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Motivating and Retaining High-potential Employees With Relocation Services

Finding and keeping key talent is still tough in today's labor market. That's why some of the nation's largest firms have figured out how to link motivational HR programs with resources that help employees.

March 1, 1999
Related Topics: Relocation Management, Motivating Employees, Retention
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Finding and keeping key talent is still tough in today’s labor market. That’s why some of the nation’s largest firms have figured out how to link motivational HR programs with resources that help employees. Combined, these resources help employees figure out if a new job in a new location is their best move, and find relocation for the move—meanwhile giving the companies the biggest bang for their buck. Here are three companies’ approaches that have been deemed best practices by Chicago-based consulting firm Arthur Andersen.

Johnson & Johnson
The New Brunswick, New Jersey-based company’s relocation services program is designed to address the major concerns of transferring families, such as obtaining mortgage financing, buying and selling homes, making the moving and transportation arrangements, identifying appropriate schools and helping spouses find new employment. Counseling is also available to help deal with relocation apprehension.

General Electric Co.
GE’s finance organization values diversity of work experience and encourages movement among businesses. Because of the size of the Fairfield, Connecticut-based company’s finance workforce, full-time human resources professionals are available to counsel and coach people about development moves. One effective tool is a career-planning trade-off chart that helps people understand which experiences will develop their abilities and which career moves make sense. Some of the trade-offs include: same business versus new business, field versus corporate and manufacturing versus service. The chart helps individuals see where a move might broaden their experience or where another might not be as advantageous.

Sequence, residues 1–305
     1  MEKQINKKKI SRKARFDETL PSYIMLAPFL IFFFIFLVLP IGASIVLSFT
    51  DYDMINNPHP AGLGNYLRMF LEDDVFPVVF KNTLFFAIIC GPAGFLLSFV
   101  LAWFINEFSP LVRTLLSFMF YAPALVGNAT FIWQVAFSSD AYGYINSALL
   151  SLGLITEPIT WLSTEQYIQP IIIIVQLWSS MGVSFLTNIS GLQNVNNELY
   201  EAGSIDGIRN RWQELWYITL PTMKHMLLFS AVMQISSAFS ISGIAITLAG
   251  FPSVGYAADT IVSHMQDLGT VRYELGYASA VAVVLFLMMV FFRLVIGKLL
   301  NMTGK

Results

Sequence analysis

Colgate-Palmolive Co.
At New York City-based Colgate, which has operated in 20 countries around the world for more than 50 years, the key development moves are outside the United States, particularly in emerging markets. This is a change from the past, when it was thought that the size of the U.S. market ensured that high-potentials could obtain the necessary experiences without venturing overseas. Despite this new awareness of the global nature of leadership, the company is having difficulty finding high-potentials who are willing to move. To battle this problem, the company is making a strong effort to "raise the profile" of people, accepting development moves in emerging markets in the hopes that their example will inspire other high-potentials to make similar moves. The company also emphasizes that such postings are a prerequisite for major management positions at Colgate.

Source: Global Best Practices, Arthur Andersen, Chicago.

Workforce, March 1999, Vol. 78, No. 3, p. 92.

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